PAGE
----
Madagascar has always been an island of oddities. From giant lemurs to horned crocodiles, there are a lot of interesting species to see. The Mesozoic likewise has some interesting animals, such as the late Cretaceous Madagascan monster Majungasaurus, an Abelisaurid known for being cannibalistic. It was the king of Cretaceous Madagascar, the apex predator of it’s time and place.
Australia is home to numerous species of parrot, from the Gallah to the sulpur-crested Cockatoo. Many are now quite rare as a result of humanity, but most are now protected and hopefully will recover. Sadly, this isn’t the case for all of them, as one species no longer exists among them, the Paradise Parrot.
The age of Imperialism truly wrecked the ecosystems of the world. Of all of these, island ecosystems were the most at risk, as the animals there were often unique and unable to deal with humanity and the creatures that often accompanied them. The island of Choiseul in the Solomon islands is one such example, as it was once home to the spectacular Choiseul Crested Pigeon, a relative of doves that was endemic only to Choiseul.
For many years, the Triassic period has been the most overlooked part of the Mesozoic in toy form, usually Coelophysis or Postosuchus. More recently, however, more and more species are coming to the forefront and being made available in plastic. Even the Jurassic World toyline has jumped to this, as we see here in a recent figure of Shringasaurus, an archosauromorpha from the middle Triassic of India, a bizzare horned species that certainly caught the eye of the public.
Of all the theropods of the Jurassic period, the most well known is the Allosaurus, and for good reason. Measuring 9.7m long, there were few other predators that stood a chance, with the exception of Saurophaganax. This got it starring roles in a lot of dino media, being the original big dino predator.
Of all the vertebrates on earth, only three in the history of life have achieved powered flight. Two, the birds and bats, are still amongst us today, but the third, the pterosaurs, have long since become extinct. This makes them an intriguing group, especially given that some reached incredible sizes.
Ceratopsians are a fascinating group. Their bodies aren’t very diverse, but the skull work is incredible. And one of the greats when it comes to that is Styracosaurus, with it’s spiked frill giving it a fearsome appearance (even if the frill itself offered little protection due to the holes, but I won’t tell the predators if you won’t).
There are a lot of paint-your-own models out there, from the modern to the mythical and they can be a lot of fun. There a lot of ones for dinosaurs, so I thought I would review one. As opposed to other models I’ve reviewed, there is no building involved, so you can just pick up and go.
The idea of genetically altering creatures for ulterior motives is a common thing in various stories, usually resulting in some big bad creature that our heroes must defeat. Dino media is no exception to this, and here we look at a model of one Tyrannosaurus that ended up bigger and stronger than others in it’s series: the Black T.Rex from Dinosaur King.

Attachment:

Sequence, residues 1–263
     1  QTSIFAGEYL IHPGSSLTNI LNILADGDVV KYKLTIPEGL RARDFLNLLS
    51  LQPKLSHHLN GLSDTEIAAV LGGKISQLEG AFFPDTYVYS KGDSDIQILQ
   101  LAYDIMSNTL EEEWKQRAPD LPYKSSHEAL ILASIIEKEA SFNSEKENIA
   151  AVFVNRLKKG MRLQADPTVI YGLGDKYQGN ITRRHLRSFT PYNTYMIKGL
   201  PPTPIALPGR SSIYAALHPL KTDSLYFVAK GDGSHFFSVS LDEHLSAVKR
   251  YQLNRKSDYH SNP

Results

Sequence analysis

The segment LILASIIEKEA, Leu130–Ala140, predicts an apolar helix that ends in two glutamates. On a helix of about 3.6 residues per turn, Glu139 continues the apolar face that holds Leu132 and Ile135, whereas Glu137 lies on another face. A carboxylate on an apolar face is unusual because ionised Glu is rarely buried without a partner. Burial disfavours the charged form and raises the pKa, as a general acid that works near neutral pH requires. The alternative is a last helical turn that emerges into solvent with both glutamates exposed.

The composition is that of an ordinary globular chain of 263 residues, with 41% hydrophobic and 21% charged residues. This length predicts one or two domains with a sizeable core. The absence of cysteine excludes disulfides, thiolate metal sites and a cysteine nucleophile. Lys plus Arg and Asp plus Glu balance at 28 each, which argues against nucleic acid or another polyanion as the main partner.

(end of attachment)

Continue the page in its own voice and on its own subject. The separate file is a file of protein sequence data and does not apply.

The Riversliegh formation in Queensland is a heritage site for good reason, it gives us a fascinating glimpse into the ancient past of Australia, full of magnificent marsupials and brilliant birds, plus a bunch of bats! The fossils show how Australia once was, full of rainforests and the animals inhabiting the area are amazing.
The largest bird today is the Ostrich, and this is owing to it’s flightlessness. The recent past, however, provided greater flightless giants. One such came from New Zealand, in the form of the South island Giant Moa, Diornis robustus, with females able to reach up to 11ft 10″ if they stretched up, being 6ft 6″ on a horizontal plane.
The order sirenia has long been fascinating to me, the main herbivorous marine mammals that have survived throughout the Cenozoic. The one that interests me the most (even inspiring my ATB name Sirenia) is, unfortunately, no longer living, the Steller’s Sea Cow. These giant sirenians lived around Commander Island in the Bering sea, being hunted by locals.
Human greed is a catastrophic thing for the world. It results in pollution and destruction of the environment, and the loss of many, many amazing creatures. One such example is the Caribbean Monk Seal, a docile creature that lived around the Caribbean islands. These animals were hunted by visitors to the island, often for their fur and oil.
Species from the earliest parts of life on earth, the Palaeozoic, are very rare in toy form. Oh yes, there are plenty of Dimetrodon, Dunkleosteus and even Anomalocaris, but any of the smaller, crucial creatures to the story of life on earth are scarce. Enter Oumcraft, and her game LIFE: evolution of life in earth to put this right, with each game piece being perfect as collectable pieces of these ancient species.
Fans of prehistoric creatures have made some remarkable things over the years, including the members of this forum. In recent times, forum member Oammararak showed a kickstarter for their own game LIFE: evolution of life in earth, the series, to which many of us backed, given the vast number of intriguing species that have never been made by any company.